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Amit Bhatia: Why the UK’s traditional manufacturing industries need to be more entrepreneurial

by LLB Editor
27th Mar 14 12:40 pm

Amit Bhatia, QPR co-owner and chairman of Hope Construction Materials, on rejuvenating UK manufacturing

Just over a year ago I took charge at Hope Construction Materials – supplying British firms with construction materials from our 150 UK sites. This was my first foray into the world of manufacturing and taking stock of the industry at the time of the company’s launch played a significant role in our launch strategy.

UK construction is regularly used as a barometer for the success of the economy and it’s safe to say the industry was in the doldrums during the recession. Large firms had stuck with their traditional mindset and their fortunes mirrored that of the economy. Whilst I appreciate economic forces will always impact an industry of this size we were keen to stand alone with our approach, and where possible take steps to ensure we were in control of our destiny.

As an entrepreneur I have worked in a number of fields both in the UK and abroad. My single biggest belief is that to be a success you must spot an opportunity and be willing to take it immediately – no cold feet, dive straight in and make the most of it. This has been my approach in our first year at Hope and I believe it is a culture of enterprise that will drive British manufacturing forward in 2014, regardless of whether you make buildings or batteries, houses or hair straighteners.

They say one sign of lunacy is doing the same things over again yet expecting different outcomes and I encourage Britain’s manufacturers to go out on a limb, try something different and see what happens. I don’t endorse a gung-ho approach with no consideration for risk, but I do support an outlook which means people calculate the impact of their decisions and aren’t afraid to break the mould and try something different.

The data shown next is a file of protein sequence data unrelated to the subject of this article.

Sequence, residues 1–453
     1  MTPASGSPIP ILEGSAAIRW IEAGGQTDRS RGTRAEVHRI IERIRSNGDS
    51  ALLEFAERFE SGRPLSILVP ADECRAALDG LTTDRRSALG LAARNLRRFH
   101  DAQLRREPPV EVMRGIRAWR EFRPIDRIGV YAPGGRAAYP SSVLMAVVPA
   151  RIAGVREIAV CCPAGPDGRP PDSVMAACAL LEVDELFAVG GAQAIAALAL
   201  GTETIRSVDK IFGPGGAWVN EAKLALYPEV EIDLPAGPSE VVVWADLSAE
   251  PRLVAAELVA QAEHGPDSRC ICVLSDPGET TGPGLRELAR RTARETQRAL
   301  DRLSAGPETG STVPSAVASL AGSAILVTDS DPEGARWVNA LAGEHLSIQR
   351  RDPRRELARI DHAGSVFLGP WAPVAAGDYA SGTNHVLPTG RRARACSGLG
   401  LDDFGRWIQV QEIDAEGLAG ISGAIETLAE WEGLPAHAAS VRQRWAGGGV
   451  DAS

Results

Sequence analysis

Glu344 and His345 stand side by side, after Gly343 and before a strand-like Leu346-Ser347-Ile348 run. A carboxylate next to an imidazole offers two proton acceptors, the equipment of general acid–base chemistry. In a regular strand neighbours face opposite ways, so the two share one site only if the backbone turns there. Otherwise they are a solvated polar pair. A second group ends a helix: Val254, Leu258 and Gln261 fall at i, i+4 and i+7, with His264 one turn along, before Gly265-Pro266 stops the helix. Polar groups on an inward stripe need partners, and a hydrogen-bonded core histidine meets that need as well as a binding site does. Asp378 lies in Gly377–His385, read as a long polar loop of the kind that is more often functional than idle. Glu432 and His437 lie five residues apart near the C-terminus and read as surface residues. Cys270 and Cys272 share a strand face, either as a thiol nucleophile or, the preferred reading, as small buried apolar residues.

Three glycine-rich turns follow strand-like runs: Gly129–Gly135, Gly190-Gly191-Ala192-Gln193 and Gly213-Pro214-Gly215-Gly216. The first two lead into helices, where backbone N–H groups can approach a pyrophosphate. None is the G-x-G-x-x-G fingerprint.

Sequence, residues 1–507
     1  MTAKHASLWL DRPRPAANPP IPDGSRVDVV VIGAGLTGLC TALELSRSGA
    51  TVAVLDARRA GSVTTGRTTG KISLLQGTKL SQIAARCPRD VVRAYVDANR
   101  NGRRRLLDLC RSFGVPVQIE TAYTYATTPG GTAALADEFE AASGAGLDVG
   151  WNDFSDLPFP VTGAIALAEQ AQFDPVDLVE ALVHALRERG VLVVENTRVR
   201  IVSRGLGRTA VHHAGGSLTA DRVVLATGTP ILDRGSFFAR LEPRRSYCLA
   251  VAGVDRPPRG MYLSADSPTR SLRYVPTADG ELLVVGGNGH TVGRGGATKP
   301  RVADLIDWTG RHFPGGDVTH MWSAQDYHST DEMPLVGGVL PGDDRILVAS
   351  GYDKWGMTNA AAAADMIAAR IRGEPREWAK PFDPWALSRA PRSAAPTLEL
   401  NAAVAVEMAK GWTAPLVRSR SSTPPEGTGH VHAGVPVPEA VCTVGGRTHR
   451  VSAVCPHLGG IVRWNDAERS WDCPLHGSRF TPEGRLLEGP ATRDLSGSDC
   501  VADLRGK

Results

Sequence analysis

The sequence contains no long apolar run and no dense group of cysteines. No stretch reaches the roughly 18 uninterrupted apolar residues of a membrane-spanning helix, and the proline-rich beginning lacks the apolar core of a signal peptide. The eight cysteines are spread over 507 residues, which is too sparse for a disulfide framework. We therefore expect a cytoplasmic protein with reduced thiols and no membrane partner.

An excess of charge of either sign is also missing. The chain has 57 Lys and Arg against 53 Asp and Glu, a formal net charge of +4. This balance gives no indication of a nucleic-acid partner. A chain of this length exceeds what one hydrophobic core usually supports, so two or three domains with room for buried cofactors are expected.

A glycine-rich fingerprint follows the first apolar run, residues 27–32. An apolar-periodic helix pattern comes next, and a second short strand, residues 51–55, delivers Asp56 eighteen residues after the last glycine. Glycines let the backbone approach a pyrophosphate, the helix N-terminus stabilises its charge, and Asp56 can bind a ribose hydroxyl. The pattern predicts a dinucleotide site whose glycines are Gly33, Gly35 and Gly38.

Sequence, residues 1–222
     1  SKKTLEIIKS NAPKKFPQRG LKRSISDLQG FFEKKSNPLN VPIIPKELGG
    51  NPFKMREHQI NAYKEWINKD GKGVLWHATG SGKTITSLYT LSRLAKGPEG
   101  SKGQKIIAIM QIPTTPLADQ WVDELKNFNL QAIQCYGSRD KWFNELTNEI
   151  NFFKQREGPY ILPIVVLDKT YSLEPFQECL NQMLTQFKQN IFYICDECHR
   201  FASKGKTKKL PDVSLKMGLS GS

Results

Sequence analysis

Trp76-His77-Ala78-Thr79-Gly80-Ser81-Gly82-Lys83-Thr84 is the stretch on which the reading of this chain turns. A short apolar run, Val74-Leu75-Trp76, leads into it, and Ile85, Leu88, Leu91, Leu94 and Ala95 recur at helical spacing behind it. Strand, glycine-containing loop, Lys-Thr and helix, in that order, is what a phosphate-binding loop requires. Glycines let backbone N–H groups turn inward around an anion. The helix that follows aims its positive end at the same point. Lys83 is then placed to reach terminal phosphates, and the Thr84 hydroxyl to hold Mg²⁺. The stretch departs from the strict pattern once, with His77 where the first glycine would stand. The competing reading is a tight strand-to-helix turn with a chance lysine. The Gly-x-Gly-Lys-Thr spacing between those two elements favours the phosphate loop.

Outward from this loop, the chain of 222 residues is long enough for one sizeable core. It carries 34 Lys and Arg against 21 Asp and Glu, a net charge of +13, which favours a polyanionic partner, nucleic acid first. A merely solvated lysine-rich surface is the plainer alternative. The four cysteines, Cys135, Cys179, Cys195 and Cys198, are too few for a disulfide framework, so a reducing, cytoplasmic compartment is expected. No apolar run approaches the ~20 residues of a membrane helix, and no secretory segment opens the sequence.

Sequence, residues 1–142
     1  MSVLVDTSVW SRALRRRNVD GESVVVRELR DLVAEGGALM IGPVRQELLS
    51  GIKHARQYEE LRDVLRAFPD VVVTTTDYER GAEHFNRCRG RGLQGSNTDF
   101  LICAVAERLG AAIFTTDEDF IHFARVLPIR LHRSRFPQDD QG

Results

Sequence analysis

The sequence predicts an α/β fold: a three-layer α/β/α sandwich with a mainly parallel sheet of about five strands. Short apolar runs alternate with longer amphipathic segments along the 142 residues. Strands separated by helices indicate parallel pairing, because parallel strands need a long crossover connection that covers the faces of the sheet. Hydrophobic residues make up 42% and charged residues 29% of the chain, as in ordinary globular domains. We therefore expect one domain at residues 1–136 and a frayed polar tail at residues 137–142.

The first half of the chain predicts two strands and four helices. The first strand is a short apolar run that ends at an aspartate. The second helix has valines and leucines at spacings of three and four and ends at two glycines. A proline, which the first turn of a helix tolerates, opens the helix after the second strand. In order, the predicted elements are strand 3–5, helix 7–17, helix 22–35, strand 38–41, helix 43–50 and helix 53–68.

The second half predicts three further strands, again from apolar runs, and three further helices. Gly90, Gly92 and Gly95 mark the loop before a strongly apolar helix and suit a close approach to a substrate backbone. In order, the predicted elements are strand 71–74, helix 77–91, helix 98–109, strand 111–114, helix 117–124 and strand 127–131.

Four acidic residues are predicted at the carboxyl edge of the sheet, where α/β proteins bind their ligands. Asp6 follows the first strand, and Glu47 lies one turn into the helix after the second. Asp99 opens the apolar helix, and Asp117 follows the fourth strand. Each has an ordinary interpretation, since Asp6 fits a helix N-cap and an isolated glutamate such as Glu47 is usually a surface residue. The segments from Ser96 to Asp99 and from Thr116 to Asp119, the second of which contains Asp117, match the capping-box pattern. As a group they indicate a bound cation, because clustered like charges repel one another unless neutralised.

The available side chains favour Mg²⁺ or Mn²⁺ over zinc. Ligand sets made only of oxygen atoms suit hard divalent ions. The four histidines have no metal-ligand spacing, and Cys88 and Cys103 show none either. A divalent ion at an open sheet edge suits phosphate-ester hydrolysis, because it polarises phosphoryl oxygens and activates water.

I believe one of the biggest issues is the way in which many industries treat themselves as silos, focusing only on lessons they can learn from firms around them. But what happens when the industry as a whole is struggling? What can be learned then? Businesses large and small should constantly be on the search for innovative ways in which to make improvements and why should these ideas not come from other industries? For example, we are currently testing a new pricing model which has been successful in many other industries yet has been ignored in construction. We believe it will work and that it will benefit our customers and set the standard for the industry for many years to come. Had we just looked around us this may not have happened.

“Entrepreneurial” is one of Hope’s core business values and we ask that our 900 employees share their enterprising ideas for ways  we can better serve our customers and in turn grow as a business and this approach is something I believe firms of all sizes should adopt if they wish to be successful.

They old adage goes that if something isn’t broke there is no reason to fix it – I say if something could be improved in any way there are plenty of reasons to fix it and it is this process of constant evaluation across all of the different sectors of British manufacturing that will see the UK make great strides forward in 2014.

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